On April 11-12 we will be invading the Midrealm’s Golden Seamstress event.Currently we are an inter-kingdom squad of Mid, East and Calontir. I have been obsessed with creating a period appropriate Snow White since I last went to Disney.
The goal is not to create a Disney dress in period, but to create a period dress in Disney colors. Or fix the hot mess that is Snow White.
The trick for this project is to reverse engineer the Disney version of Snow White, into period appropriate SCA clothing. If you look at Disney’s version, it is a hot mess of styles from mostly around Germany in the 16th century. The sleeves mid century, skirt and later 16th. But the thing that is odd is the two colors between bodice and skirt. Disney’s movie version is set somewhere in Bavaria, but she’s dressed in a dress that you would expect to see in Saxony.
Going back to the origins of the faerie tale as written by the Grimms, the story was told to them by 2 women in Kassel. And by the time of retelling of the folk story, it was already “old”. Kassel is located in the area we know now as Hesse and bordered Saxony.
Add in another wrinkle of Margaretha of Waldeck. There are scholars that believe there is a direct connection to Margaretha of Waldeck and the Snow White story. The time period would be correct, as she died in the mid 1500s. The geographical area would be correct. Waldeck was a sovereign principality in the German Empire and is comprised of territories in present-day Hesse and Lower Saxony. There is a scholastic presumption she was killed by poison, long illness that started when she was at court, long drawn out death in 1554. The earliest Grimm tale of Snow White, has her hair being blonde. There are accounts of the family owning copper mine, worked by small deformed children called dwarfs.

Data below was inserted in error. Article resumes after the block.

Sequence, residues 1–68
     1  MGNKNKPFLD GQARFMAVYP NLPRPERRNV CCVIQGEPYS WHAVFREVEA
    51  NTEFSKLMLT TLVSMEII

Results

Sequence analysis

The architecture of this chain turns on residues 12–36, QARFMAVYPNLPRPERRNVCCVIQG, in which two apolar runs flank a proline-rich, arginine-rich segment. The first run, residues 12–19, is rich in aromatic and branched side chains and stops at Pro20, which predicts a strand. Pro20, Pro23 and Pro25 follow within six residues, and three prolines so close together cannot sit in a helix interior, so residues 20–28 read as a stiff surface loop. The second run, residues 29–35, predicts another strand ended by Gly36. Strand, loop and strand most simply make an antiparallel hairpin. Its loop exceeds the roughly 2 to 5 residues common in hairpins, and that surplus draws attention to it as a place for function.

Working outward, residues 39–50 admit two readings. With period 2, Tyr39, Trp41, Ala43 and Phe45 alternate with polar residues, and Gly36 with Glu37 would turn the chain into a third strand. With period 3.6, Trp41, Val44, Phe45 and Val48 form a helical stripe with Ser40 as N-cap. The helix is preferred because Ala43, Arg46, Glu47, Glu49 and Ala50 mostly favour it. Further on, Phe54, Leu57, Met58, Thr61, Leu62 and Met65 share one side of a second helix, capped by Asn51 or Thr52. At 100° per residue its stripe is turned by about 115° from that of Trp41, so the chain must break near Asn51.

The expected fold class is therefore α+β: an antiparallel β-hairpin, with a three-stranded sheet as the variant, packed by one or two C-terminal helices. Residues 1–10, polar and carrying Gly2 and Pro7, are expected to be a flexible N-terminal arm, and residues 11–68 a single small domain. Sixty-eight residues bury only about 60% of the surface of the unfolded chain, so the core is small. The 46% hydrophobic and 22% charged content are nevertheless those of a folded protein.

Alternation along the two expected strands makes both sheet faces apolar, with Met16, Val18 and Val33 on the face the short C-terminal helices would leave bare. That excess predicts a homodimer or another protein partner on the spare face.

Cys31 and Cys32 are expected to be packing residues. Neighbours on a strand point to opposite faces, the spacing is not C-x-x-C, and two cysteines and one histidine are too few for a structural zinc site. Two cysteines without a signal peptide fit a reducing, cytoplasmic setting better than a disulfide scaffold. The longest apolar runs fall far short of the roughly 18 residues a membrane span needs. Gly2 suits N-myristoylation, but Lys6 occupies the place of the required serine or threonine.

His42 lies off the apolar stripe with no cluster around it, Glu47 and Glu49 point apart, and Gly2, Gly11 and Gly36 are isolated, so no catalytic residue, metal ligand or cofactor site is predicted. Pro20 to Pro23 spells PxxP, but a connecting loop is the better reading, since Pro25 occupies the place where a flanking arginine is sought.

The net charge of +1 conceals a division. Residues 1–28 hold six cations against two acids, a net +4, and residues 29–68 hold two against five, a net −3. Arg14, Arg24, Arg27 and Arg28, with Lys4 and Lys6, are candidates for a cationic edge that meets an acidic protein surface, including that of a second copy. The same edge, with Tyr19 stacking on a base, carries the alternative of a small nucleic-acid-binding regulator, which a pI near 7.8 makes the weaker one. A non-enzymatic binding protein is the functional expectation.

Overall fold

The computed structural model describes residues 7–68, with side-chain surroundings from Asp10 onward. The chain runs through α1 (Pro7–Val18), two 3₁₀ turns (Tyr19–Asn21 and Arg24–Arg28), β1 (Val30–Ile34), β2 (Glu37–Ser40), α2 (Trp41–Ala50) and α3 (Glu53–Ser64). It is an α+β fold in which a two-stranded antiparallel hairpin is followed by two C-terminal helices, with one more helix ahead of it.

I’ve got books on the way for the historical accounts of the House o Waldeck. Hopefully the get here in time and that translating the German doesnt prove to be a really large rabbit hole of time.
So I have, time, location, motive and a bunch of circumstantial coincidences. 1550s, Saxony here we come. The good news, is I am really familiar with this time/location combo and I have a bunch of manuscripts to paw through.
I think we have a winner for portrait inspiration. Christiana Eulenau by Lucas Cranach the Elder, 1534 That collar line is nearly spot on. Now we just need to figure out how to make the standing collars for the bodice AND the hemd. The big guns suggest that the hemd is actually a gollar, which has decreased the level of difficulty exponentially. A gollar can be a little caplet, that is circular in nature and worn over the top of a dress. Or it can be like a square partlet. Modernly, we would call this a dicky.